WASHINGTON — President-elect Joe Biden will travel to Atlanta, Georgia, on Tuesday to stump for Democratic Senate candidates Jon Ossoff and Raphael Warnock, his first campaign trip since he was elected president in November.
The stakes could hardly be higher: Ossoff and Warnock are challenging incumbent Republican Sens. David Perdue and Kelly Loeffler, respectively, in runoff elections on Jan. 5, the outcomes of which will determine which party controls the U.S. Senate.
Following November’s election, the initial makeup of the Senate is 50 Republicans, 46 Democrats and two independents who caucus with the Democrats. If Warnock and Ossoff both win their races, Democrats will have 50 reliable votes, with Vice President-elect Kamala Harris providing a tie-breaking 51st vote.
With 51 votes in the Senate, Biden could realistically hope to enact some of his most sweeping (and expensive) domestic policy proposals, including a massive green jobs program. He would also be granted carte blanche confirmations for his nominees, greatly accelerating the pace at which a Biden administration could take the reins of the federal bureaucracy.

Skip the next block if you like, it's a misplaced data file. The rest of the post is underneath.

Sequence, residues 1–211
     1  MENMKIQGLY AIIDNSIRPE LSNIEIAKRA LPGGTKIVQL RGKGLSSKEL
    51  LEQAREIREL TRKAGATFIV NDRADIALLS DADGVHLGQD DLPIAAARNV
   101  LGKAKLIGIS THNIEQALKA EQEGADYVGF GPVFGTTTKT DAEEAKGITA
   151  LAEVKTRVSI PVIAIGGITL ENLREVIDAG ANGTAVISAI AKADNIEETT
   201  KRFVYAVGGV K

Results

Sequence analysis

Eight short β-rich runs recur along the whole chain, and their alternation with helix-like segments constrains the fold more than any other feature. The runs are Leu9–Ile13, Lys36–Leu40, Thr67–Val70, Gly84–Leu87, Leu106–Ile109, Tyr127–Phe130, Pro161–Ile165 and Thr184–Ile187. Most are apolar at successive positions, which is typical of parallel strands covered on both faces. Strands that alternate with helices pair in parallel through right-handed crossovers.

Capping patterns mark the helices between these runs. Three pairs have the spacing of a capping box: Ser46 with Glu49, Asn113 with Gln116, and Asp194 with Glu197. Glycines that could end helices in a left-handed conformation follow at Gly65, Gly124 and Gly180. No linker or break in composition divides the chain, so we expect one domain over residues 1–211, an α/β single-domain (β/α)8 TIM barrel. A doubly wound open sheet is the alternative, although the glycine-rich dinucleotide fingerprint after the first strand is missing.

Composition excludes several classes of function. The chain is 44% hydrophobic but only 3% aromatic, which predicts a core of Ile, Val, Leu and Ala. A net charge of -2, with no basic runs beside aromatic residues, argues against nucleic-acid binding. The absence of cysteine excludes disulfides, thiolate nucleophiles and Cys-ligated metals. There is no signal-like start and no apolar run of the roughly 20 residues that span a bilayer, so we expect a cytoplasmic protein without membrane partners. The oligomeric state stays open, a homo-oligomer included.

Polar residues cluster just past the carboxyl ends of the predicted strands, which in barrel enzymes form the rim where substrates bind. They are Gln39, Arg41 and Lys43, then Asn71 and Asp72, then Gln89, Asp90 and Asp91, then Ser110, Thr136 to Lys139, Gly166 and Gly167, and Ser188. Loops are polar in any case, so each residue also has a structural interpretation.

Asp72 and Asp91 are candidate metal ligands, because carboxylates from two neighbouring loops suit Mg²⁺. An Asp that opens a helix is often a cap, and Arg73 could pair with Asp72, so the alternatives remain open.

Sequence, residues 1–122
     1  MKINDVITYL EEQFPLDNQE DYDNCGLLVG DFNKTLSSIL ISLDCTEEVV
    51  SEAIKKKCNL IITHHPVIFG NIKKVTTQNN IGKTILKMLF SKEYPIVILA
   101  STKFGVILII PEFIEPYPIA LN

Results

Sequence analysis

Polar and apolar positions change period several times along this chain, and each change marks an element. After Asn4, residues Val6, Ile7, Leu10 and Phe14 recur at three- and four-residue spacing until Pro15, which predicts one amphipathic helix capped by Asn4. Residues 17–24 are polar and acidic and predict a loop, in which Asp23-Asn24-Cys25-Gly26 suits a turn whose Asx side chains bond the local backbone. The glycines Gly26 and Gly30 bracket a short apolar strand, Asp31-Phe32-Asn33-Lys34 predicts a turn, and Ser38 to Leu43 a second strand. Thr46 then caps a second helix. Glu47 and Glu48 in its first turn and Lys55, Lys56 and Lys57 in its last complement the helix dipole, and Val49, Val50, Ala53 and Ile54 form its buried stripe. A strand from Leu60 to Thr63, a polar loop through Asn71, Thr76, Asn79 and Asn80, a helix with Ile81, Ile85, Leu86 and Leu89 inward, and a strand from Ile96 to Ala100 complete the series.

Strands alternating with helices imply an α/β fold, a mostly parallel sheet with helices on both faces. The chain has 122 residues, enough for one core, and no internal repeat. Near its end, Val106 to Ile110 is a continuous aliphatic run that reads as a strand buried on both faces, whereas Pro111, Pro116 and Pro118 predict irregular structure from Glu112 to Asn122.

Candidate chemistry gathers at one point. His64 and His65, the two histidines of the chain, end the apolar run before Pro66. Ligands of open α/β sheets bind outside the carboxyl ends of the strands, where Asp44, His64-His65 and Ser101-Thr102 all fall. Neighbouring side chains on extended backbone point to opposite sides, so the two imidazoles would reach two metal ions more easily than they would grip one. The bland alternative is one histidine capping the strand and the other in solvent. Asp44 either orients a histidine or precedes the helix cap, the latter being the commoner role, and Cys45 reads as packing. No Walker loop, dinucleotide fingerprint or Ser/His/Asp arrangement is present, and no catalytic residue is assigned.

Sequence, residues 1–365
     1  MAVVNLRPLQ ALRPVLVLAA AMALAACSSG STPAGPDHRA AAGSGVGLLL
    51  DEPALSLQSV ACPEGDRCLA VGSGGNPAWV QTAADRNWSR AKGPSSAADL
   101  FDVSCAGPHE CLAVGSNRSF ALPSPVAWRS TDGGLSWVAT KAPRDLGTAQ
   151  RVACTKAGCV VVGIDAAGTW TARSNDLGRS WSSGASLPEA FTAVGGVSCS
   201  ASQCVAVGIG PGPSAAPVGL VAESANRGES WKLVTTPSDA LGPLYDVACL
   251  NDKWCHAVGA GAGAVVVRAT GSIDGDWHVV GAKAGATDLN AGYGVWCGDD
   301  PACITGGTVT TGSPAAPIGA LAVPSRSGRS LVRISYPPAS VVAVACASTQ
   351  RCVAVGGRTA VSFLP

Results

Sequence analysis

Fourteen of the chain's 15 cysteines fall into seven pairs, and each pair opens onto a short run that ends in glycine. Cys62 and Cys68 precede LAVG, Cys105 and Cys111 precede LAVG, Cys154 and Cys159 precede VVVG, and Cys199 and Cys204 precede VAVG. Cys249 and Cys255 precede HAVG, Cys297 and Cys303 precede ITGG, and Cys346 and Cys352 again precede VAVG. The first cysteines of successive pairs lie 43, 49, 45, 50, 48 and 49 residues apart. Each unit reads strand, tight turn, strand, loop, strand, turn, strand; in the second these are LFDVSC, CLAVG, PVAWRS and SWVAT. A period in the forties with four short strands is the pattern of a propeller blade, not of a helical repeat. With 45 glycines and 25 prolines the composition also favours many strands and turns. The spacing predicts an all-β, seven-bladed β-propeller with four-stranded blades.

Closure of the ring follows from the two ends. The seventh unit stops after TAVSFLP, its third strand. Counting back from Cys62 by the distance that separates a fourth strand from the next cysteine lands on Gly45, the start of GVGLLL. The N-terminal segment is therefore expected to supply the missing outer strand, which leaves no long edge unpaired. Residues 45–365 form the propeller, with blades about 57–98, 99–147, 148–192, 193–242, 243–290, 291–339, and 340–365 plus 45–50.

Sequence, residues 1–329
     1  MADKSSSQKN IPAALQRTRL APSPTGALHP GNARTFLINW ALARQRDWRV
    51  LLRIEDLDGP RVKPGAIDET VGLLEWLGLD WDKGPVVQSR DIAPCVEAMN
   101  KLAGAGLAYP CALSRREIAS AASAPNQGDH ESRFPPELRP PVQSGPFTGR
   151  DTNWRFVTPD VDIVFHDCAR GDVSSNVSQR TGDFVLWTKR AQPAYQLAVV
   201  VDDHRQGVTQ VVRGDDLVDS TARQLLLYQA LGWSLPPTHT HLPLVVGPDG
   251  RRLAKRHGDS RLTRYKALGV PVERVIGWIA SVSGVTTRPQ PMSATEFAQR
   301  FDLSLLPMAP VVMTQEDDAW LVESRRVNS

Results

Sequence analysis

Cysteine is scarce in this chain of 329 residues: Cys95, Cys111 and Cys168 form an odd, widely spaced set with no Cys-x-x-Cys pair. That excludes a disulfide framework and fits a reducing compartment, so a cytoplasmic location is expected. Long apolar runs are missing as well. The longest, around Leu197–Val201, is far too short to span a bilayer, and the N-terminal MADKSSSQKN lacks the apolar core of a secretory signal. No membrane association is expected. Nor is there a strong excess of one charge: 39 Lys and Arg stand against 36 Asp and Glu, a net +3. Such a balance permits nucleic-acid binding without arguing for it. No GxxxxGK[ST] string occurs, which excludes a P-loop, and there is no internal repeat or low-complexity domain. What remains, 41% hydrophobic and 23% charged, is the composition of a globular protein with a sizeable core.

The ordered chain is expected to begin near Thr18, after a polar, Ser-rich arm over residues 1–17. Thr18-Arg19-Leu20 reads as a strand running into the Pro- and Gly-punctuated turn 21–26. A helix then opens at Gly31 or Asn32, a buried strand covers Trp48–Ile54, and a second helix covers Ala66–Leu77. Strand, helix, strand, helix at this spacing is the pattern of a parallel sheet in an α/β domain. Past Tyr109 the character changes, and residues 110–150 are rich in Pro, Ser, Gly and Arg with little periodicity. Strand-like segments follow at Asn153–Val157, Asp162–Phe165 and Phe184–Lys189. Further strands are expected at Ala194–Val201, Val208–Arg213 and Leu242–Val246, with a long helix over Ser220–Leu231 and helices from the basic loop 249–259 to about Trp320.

Despite decades of Republican dominance in Georgia politics, Democrats have a reason this year to be optimistic: Biden narrowly won Georgia’s popular vote, a surprise victory that made him the first Democrat in more than 20 years to clinch the state in a presidential race.
But there is no guarantee that Biden’s good fortune will repeat itself in the Senate races.
Polling averages currently show both races as neck-and-neck. But Loeffler and Perdue benefit from incumbency and a historical advantage: Georgia hasn’t sent a Democratic senator to Washington in a generation.